From then on, Arsenal sat back and forced Marseille into taking frustrated shots from distance — that is, when they even had a chance to get a shot. Pressing all over the pitch, there always seemed to be three Arsenal players around the ball in defense, and several players swiftly attacking on offense. It was a complete domination by Arsenal. So much so that the French side had just two shots from the 1st minute to the 70th with Arsenal keeping them to 0 shots from the 23rd to the 70th.
This new-found Arsenal style is based on the team that Wenger has at his disposal. With Ramsey, Rosicky, Wilshere, and Özil all able to play in any of four positions in midfield, Arsenal have a swarming and morphing midfield which simply leaves lesser sides chasing shadows of shadows.
Against Marseille, Ramsey played both wings almost equally; Rosicky played mostly left, but not entirely; Wilshere played mostly right, but not entirely; and Özil played all across the front line. The ability of this team to mix and match their midfielders, while still maintaining a defensive solidity is based on the play of Matthieu Flamini. He’s not a spectacular tackler but he’s hard when he needs to be and almost always plays the right pass at the right time. Flamini is and always has been one of my favorite iconoclasts of the Wenger era.
This Arsenal run of form is built on getting early leads and holding on to them through sheer force of will, through compact defending, and through crucial saves by Szczesny. As on cue, Szczesny added yet another great save to his growing list of key moments that are helping Arsenal win games.
But it’s not just the way the midfield seems to be rotating in games, they also seem to be sharing the burden across multiple matches. One day it’s Özil’s day (Napoli), the next it’s Ramsey (Dortmund and Marseille), and the next it’s Wilshere’s day (Marseille). When one player seems to be having an off day, one of the other payers steps up and fills the void. It’s quite remarkable.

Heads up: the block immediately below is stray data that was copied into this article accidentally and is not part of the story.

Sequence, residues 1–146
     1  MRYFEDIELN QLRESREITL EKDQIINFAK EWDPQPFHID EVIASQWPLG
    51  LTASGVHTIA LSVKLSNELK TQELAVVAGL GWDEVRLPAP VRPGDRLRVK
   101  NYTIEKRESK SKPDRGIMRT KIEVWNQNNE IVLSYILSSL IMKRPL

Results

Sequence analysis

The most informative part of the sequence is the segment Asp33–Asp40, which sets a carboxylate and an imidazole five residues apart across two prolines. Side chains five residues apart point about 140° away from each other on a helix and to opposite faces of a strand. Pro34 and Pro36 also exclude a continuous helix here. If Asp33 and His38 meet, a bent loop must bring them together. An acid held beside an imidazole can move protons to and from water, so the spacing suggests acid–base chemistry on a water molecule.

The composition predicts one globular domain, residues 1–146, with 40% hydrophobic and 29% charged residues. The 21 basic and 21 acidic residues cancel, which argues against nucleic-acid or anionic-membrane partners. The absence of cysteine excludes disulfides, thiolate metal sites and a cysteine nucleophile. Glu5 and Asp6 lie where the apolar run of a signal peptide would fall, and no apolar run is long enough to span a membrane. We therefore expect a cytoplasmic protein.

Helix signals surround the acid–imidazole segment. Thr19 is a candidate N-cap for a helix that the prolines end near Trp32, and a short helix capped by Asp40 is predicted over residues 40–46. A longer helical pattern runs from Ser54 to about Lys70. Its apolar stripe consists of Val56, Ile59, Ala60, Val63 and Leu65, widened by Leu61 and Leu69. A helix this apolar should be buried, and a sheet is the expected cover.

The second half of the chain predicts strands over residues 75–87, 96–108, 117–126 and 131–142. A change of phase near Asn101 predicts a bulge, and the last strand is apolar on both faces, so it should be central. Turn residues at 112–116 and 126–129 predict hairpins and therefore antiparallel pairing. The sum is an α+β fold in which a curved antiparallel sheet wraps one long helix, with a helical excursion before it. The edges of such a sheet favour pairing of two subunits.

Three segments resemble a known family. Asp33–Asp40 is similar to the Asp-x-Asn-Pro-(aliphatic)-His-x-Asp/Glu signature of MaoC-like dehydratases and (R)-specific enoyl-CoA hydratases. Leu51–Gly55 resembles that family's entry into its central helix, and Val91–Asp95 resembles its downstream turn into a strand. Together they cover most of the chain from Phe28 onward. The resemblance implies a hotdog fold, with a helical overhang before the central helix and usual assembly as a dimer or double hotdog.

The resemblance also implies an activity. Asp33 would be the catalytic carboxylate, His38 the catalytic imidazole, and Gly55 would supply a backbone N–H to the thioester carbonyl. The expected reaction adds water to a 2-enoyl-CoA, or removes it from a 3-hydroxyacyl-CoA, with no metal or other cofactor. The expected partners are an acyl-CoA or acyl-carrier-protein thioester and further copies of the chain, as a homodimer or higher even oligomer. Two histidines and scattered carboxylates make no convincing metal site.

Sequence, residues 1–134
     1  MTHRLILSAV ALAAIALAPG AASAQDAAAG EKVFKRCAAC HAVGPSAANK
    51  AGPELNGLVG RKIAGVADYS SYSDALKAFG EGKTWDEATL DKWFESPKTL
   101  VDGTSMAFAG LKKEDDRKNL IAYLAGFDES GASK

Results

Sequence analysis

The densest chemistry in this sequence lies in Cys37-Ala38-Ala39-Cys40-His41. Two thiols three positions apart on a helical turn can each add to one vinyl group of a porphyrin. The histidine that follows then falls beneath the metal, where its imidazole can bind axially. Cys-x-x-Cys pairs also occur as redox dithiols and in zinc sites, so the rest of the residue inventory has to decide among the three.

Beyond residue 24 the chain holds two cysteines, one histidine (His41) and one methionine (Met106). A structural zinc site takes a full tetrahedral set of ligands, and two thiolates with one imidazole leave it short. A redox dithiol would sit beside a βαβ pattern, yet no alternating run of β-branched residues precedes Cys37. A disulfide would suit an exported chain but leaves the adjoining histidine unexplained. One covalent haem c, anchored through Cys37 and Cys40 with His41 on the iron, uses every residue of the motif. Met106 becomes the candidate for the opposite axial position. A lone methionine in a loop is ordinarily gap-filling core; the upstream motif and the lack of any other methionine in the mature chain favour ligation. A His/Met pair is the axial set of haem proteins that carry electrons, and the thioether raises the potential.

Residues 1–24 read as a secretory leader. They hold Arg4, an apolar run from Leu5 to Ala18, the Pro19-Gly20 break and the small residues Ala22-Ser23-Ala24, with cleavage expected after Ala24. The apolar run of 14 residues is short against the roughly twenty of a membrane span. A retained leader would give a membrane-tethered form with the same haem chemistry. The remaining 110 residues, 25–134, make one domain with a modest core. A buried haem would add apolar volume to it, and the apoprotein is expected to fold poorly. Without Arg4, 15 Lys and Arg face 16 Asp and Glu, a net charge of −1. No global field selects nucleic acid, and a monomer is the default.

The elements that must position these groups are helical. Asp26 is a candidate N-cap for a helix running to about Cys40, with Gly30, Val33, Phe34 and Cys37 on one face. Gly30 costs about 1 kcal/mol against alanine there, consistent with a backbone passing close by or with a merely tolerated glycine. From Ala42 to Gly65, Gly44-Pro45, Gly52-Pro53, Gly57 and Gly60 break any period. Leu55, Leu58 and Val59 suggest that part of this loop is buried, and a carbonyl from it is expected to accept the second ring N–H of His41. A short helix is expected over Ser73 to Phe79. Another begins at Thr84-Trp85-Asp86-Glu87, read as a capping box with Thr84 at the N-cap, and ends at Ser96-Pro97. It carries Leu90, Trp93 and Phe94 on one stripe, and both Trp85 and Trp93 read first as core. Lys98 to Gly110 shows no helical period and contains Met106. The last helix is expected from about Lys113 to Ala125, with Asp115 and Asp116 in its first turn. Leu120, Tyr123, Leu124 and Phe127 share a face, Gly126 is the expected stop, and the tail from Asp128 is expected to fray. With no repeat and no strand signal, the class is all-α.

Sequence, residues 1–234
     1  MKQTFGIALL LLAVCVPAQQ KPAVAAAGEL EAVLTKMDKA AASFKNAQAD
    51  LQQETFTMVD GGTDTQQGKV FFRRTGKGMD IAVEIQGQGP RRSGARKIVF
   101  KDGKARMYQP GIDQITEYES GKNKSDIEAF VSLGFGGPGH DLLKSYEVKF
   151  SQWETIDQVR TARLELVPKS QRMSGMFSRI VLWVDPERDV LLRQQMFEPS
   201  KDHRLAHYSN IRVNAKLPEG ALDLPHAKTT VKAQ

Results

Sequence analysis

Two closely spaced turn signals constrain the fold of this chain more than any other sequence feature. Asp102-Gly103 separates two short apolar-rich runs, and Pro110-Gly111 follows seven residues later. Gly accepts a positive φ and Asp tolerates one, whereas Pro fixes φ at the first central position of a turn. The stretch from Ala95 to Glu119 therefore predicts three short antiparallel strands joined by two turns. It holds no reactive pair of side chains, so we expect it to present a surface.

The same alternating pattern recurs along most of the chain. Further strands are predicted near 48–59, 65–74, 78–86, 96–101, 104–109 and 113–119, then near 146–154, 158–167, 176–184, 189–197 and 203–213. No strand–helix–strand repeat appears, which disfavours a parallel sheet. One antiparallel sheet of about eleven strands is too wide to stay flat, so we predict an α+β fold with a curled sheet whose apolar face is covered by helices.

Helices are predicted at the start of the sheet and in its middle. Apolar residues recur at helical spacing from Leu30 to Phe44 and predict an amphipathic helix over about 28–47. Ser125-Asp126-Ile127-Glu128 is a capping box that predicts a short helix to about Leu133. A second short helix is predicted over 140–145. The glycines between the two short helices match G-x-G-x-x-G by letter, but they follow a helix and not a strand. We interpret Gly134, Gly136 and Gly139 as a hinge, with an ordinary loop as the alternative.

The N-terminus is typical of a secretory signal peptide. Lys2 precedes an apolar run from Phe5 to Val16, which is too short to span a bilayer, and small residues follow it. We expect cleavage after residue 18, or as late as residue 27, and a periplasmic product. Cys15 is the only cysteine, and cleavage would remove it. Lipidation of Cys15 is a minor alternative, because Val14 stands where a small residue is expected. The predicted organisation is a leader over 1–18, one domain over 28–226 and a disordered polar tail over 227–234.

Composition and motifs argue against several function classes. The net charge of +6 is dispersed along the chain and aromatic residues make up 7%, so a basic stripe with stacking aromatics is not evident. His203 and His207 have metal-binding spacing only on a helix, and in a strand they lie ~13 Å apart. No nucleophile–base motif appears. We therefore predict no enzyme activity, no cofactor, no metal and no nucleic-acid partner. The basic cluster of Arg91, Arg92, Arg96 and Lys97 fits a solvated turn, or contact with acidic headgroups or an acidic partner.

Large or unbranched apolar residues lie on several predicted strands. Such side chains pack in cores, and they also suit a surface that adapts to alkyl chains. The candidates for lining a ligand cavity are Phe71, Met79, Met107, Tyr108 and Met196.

And as if to illustrate how tough the task was to qualify through this group, Arsenal have just won four games in the Champions League, against Napoli, Dortmund, and Marseille but they still could yet be knocked out of the competition on the last day if they lose to Napoli by three goals. The last time Arsenal lost by a margin that big was the infamous AC Milan match, during Wenger’s season of transition after the breakup of Cesc’s Arsenal.
The likelihood of this team losing by three or more goals to Napoli has to be about the same as me taking history lessons from John Cross.
P.S. - Pat Rice is in hospital battling cancer. I just want to wish him and his family all of my best.
*You read that right. Until George Eastham won the right to a transfer, players could be and were retained by their clubs after their contracts ran out. Players were bound for life to the club they signed with. These contracts were considered “slavery contracts” by the players and Eastham sued and won the right for a transfer after the contracts ran out. It also should be noted that the Daily Mirror was apoplectic about the Eastham-Arsenal decision running with the headline “WHAT A WAY TO RUN A SPORT”. All of this is detailed in the excellent Rebels for the Cause by Jon Spurling.
**I didn’t actually get to watch many of the early Wenger matches with the George Graham back four so I’m not including them. Hey, at least I admit when I don’t know something.
***I’m not saying that the Invincibles couldn’t pass or that the Cesc era couldn’t hit on the counter. I’m saying that those teams had a style based on the personnel at the club, that’s all.